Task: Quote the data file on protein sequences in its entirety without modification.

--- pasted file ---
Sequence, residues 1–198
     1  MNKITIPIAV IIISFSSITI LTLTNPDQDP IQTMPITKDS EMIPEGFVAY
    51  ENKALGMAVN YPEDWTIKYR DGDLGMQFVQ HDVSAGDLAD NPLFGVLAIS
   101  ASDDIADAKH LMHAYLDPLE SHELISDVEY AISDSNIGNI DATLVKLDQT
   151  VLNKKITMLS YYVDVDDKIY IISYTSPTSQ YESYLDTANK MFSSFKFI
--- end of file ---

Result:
Sequence, residues 1–198
     1  MNKITIPIAV IIISFSSITI LTLTNPDQDP IQTMPITKDS EMIPEGFVAY
    51  ENKALGMAVN YPEDWTIKYR DGDLGMQFVQ HDVSAGDLAD NPLFGVLAIS
   101  ASDDIADAKH LMHAYLDPLE SHELISDVEY AISDSNIGNI DATLVKLDQT
   151  VLNKKITMLS YYVDVDDKIY IISYTSPTSQ YESYLDTANK MFSSFKFI